One smaller problems is that doubleTwist isn’t well internationalized, so (glancing at my playlist), items such as éthiopiques and 96° in the Shade get mangled. And finally, the transcoding process, even on my 6G Mac Pro mofo, is slow.
The ringtone management is kinda klunky. You have to go into the music app to pick a song as a ringtone, and only after you’ve done that can you select it for use in your alarm clock or attach it to a particular caller.
But I’m assuming all these problems will get better; it’s a great little music box as it stands.
Apps & The Market · Everyone seems to agree that the apps are the wonderful, miraculous thing about the iPhone, and in principle I agree. Maybe the fact that I use hardly any on the G1 is just because there aren’t as many? Or because I’d already structured my life mostly through a Web browser? Here’s the list:
I suppose I should check out the Android Market more often, but I’m busy. I get some games to play on airplanes and as for connectivity and messaging and so on, the stuff that comes with the phone pretty well does it for me.
I am watching with fascination, though, the astounding success and continued growing pains of the iPhone App Store. Consider Serious doubts, where a developer emits some very compelling cries of pain over App Store failures. He’s got a point, but I’m totally unconvinced that it’s possible even in principle to apply the Apple flavor of steely control to something running at the App Store’s scale.
Gruber’s got a point; it’s fairly unlikely that the problems are even visible to Apple management, blinded as they are by the glow of the App Store’s success. What might well save Apple is that management of the App Store’s potential competitors are probably similarly blinded.
Storier · That’s the name of the little app I’ve been sketching in bits and pieces, maybe four weeks’ work over the last seven months. If you want to find out the details, as well as How I Did It, come see my OSCON session next week.
It’s hard for me to talk about Android programmability without dropping into gushing-fanboy mode. If you can imagine something useful to do with a little device that has a GPS and a phone and a microphone and a speaker and a good mapping library and a camera and a decent Internet connection; if you can imagine such a thing, I say, and you’re even a moderately competent Java programmer, you can build it. And pretty damn quick too. The implications of that seem bloody huge to me, but hey, I could be wrong, and that’s OK, because we won’t have to wait long to find out.
Syncing · It’s OK; could be better but getting there. I use Spanning Sync, and as a result my iCal, my Google calendar, my address book, and my phone are more or less in sync most of the time. Many of my repeating events don’t make it across, and something in the chain is really bad at deleting events on the phone, so often there’ll be things showing in the phone calendar even though I junked ’em days ago.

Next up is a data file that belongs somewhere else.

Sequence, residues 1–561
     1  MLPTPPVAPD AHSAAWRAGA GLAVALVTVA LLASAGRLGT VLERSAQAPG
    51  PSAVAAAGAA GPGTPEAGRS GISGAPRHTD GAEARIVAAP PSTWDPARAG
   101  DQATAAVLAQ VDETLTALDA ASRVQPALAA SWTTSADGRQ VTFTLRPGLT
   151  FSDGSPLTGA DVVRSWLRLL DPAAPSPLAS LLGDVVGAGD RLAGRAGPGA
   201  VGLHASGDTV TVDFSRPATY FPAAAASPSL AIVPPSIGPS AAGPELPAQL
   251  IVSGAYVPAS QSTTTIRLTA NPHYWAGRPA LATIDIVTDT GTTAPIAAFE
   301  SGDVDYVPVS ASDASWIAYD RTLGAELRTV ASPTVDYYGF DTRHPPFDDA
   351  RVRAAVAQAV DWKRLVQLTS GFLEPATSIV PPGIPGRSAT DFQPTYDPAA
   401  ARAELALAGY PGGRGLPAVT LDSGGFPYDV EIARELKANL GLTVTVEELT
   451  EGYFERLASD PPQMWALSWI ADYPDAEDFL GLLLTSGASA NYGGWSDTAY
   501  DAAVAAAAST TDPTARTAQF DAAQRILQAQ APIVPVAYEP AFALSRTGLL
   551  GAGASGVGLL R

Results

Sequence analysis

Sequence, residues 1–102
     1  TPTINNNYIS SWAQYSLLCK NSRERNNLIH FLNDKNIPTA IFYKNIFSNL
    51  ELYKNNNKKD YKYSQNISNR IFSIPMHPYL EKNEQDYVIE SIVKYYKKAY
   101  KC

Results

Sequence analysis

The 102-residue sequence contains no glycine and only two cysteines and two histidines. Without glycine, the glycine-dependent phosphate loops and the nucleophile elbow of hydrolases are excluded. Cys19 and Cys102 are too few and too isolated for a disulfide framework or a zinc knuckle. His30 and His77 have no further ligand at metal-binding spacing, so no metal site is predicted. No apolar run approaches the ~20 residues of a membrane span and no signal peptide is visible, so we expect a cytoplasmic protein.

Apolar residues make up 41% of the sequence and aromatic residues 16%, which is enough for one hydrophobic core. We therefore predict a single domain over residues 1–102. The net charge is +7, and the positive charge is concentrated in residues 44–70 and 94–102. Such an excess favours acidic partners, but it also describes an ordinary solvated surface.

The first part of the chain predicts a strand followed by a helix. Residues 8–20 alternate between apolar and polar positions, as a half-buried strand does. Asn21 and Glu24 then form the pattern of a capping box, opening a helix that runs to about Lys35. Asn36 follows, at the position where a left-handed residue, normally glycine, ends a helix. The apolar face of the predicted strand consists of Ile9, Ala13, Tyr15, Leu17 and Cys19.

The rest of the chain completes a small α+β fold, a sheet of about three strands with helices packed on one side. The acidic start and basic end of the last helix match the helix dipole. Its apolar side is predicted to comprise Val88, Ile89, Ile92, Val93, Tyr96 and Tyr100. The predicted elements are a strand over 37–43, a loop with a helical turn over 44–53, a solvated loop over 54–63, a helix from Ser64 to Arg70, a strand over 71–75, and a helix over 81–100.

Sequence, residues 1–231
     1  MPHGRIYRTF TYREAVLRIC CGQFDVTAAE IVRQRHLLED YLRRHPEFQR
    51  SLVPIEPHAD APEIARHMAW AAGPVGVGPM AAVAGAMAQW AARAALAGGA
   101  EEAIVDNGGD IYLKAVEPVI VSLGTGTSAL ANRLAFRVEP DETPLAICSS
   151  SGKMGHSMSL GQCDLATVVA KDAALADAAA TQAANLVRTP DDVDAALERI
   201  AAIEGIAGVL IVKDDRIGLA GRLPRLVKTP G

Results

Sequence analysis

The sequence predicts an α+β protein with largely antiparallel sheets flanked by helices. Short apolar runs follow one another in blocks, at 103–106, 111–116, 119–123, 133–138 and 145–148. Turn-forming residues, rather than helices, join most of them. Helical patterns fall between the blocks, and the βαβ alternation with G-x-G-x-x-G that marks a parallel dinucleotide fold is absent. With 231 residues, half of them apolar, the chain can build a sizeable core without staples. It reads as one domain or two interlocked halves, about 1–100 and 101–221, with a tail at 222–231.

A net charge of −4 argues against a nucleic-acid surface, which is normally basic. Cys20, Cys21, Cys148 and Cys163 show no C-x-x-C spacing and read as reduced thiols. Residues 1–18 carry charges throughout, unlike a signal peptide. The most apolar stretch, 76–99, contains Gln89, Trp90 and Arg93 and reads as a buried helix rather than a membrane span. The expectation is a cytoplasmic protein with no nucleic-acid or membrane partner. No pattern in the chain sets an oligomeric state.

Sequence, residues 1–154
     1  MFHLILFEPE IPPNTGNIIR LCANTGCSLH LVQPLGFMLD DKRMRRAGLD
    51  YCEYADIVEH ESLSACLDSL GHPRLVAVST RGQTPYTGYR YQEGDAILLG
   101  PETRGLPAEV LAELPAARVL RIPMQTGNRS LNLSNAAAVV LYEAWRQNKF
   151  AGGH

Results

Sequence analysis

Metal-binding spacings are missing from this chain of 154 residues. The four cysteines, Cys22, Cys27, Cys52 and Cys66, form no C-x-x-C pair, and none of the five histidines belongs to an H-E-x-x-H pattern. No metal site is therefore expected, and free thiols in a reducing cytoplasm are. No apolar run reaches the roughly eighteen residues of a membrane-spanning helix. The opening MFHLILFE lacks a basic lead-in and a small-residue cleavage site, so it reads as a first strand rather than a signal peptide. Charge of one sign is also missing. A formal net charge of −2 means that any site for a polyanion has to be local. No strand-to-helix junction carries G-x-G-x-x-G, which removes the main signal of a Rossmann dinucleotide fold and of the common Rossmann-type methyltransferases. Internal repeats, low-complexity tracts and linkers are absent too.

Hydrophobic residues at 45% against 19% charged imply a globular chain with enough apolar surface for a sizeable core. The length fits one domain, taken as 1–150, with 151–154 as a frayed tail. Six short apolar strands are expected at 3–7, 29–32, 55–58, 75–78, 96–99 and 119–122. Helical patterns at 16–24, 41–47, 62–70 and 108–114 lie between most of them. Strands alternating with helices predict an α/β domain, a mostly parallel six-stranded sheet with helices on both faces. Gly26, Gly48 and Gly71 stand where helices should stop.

[Update]: Sometime in the last month or two, this got a lot better. My contacts, my schedule, and my calendar are all consistent in OS X, up on Google, and on my phone, it’s now in seems-to-just-work territory.
Spanning Sync has a competitor called BusySync, but no consensus out there that it’s clearly better or worse than Spanning Sync.
Temptation and Work-Life Balance · If you haven’t had a real Internet phone before, and you’re a wired kind of person, there are social stresses. If you can always glance at your email or Gtalk or Twitstream, the temptation to fill any otherwise-blank moment by doing so is considerable. Your mind may find itself classifying a lull in conversation with your spouse as an “otherwise-blank moment” which turns out almost always to be inappropriate.
Intangibles · What happened that I didn’t expect? I can amuse my kids on plane rides by letting them take pictures and play silly games. I can do emergency maintenance on Web properties with ssh. I can post dorky video to YouTube. I can get un-lost with the help of Google Maps. I no longer need a watch or an alarm clock.
The fact that it’s really multi-tasking feels like a big deal to me. I can be in the middle of debugging my application and the phone will ring, and I’ll pick it up, and then switch the call to speaker and switch over to Gmail to pull up a date or number or something. It all Just Works.
What’s Next? · I really actually can’t say. Something a lot like the current G1, only with some terribly obvious improvements (faster, bigger screen, better-than-3G networking) could keep me happy for a long time; particularly assuming the application ecosystem picks up steam.